Its called, appropriately enough the tailskid, and it is, as
aloha stated to protect the rear fuselage during an overrotation on takeoff or landing.
Electrically powered on the -100 series, hydraulically on the-200 it operates in conjunction with the landing gear.
If an overrotation does occur it will be noticed during a walkaround inspection by the presence of scrape marks, or in a more severe impact there is a crushable 'cartridge' attached that will be, well, crushed.
That would require a more thorough inspection by maintenance.The tailskid itself does not PREVENT an overrotation, the physics of a 160,000lb aircraft acting
against a 'puny' tailskid are obvious.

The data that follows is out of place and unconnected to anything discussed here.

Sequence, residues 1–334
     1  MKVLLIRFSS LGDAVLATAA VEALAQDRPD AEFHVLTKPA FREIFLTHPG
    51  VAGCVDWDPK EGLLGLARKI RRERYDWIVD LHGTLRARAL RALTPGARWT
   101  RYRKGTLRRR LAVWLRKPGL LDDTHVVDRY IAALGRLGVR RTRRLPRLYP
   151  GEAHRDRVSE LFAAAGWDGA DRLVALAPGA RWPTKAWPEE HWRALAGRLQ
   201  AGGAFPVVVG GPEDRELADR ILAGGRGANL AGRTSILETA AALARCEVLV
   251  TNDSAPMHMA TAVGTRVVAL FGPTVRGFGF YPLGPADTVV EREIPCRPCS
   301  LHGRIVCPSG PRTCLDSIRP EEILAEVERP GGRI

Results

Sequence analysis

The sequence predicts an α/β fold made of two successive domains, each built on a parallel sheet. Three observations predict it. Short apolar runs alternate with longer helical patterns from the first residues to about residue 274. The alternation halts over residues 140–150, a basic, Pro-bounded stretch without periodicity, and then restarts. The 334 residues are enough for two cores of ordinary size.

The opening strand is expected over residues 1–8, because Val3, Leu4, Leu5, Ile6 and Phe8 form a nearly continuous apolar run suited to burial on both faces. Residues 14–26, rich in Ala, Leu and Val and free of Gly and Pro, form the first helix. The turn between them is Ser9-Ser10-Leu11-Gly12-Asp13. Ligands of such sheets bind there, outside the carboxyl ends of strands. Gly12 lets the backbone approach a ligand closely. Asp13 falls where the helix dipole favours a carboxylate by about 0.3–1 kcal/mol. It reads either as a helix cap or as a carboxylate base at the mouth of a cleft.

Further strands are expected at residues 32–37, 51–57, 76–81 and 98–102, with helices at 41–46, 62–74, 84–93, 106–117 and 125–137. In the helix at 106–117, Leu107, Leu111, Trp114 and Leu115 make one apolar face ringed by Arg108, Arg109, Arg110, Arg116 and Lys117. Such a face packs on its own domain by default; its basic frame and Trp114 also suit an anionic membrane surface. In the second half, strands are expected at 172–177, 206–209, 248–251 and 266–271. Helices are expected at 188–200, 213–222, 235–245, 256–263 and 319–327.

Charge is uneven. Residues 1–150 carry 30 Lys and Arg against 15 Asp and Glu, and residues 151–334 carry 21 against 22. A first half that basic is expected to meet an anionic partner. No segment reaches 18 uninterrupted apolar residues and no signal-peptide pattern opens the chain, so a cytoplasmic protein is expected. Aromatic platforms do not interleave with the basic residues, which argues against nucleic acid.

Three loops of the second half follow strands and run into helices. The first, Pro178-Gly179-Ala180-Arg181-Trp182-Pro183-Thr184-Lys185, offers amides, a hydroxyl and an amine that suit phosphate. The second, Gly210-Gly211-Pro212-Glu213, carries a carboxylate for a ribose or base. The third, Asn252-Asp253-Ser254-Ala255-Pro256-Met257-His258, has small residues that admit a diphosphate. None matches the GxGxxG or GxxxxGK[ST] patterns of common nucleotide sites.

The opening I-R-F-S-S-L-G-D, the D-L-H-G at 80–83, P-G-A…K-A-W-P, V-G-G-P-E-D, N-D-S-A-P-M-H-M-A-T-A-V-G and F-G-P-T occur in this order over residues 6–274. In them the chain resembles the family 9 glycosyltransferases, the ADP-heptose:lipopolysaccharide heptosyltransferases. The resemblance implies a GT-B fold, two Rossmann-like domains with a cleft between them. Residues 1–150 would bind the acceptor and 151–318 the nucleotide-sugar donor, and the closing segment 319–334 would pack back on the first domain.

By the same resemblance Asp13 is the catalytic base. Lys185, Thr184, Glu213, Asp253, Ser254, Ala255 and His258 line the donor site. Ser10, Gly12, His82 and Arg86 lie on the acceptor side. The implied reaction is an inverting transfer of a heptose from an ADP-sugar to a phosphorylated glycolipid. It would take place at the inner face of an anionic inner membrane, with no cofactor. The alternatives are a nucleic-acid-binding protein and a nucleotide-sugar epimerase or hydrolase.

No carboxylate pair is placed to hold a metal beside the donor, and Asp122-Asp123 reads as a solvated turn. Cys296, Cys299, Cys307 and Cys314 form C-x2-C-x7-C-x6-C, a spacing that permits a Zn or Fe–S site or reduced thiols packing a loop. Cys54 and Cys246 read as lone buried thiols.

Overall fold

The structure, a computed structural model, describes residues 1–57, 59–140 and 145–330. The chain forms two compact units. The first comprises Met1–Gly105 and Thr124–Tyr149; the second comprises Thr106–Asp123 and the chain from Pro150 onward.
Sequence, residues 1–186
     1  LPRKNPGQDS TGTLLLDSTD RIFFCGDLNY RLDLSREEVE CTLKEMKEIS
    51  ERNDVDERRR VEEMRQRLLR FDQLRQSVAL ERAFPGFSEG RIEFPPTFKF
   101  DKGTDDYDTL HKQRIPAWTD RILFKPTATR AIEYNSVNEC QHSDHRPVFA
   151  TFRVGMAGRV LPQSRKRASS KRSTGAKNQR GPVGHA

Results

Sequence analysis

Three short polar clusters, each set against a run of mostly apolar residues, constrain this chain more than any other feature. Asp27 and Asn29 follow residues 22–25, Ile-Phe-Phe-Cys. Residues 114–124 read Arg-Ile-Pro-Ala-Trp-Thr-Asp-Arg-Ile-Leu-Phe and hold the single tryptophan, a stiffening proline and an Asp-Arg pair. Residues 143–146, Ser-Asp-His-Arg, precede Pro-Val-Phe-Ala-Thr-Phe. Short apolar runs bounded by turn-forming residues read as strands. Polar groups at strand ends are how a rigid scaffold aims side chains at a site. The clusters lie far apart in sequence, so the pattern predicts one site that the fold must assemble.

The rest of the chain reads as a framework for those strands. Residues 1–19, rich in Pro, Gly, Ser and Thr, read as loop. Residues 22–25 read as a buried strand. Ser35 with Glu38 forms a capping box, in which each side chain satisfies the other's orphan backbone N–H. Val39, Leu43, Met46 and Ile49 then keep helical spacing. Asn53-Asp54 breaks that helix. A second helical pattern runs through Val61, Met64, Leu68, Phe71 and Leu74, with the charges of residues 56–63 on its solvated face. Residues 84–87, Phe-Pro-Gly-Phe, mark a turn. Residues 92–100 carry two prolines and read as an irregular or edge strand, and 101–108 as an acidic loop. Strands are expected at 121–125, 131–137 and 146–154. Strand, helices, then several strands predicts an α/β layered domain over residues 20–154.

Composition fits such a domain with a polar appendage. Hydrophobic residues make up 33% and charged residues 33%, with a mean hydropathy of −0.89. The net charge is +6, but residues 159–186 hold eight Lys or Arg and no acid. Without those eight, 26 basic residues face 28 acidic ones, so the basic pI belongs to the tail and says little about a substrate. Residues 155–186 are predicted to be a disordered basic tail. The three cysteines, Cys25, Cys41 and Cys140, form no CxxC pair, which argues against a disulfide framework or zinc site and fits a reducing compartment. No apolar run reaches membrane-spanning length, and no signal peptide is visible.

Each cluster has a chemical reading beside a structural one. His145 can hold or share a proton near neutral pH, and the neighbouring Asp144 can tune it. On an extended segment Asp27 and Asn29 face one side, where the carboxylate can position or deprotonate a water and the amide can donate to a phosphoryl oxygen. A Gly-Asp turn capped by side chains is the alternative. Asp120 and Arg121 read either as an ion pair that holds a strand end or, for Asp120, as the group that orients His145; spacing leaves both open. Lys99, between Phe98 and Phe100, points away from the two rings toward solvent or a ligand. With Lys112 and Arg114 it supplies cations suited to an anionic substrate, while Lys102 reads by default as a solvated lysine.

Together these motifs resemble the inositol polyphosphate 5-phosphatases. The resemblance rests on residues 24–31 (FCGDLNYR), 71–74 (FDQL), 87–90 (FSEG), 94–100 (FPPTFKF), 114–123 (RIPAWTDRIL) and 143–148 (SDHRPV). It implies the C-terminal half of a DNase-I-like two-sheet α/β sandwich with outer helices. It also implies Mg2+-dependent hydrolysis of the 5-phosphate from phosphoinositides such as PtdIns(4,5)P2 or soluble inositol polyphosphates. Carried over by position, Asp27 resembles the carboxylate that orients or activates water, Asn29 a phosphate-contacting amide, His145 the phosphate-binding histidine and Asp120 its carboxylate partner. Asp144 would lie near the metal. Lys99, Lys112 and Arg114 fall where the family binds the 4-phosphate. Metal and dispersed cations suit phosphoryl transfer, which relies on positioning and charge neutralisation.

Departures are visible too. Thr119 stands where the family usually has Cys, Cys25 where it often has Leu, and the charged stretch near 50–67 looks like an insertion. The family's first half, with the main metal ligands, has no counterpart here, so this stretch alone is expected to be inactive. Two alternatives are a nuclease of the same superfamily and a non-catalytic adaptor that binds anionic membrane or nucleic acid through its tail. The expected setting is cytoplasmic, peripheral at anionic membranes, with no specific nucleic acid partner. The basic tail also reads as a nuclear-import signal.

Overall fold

However all modern jet aircraft have to prove in certification called VMU tests that they can be rotated
to such a high pitch attitude on take-off that the tail actually scrapes along the ground until the aircraft lifts
off. You may have seen pictures of this, where the test
aircraft has sparks and flames visible from the tail
the manufacturer will usually mount a wooden skid to minimize any damage.
Aircraft therefore are geometrically limited from reaching
a pitch attitude where they cannot liftoff, or accelerate
as happened on several early Comet accidents where the aircraft was overrotated to such an attitude and indeed, crashed due to its inability to climb or accelerate.
The best contribution to safety is a competent Pilot.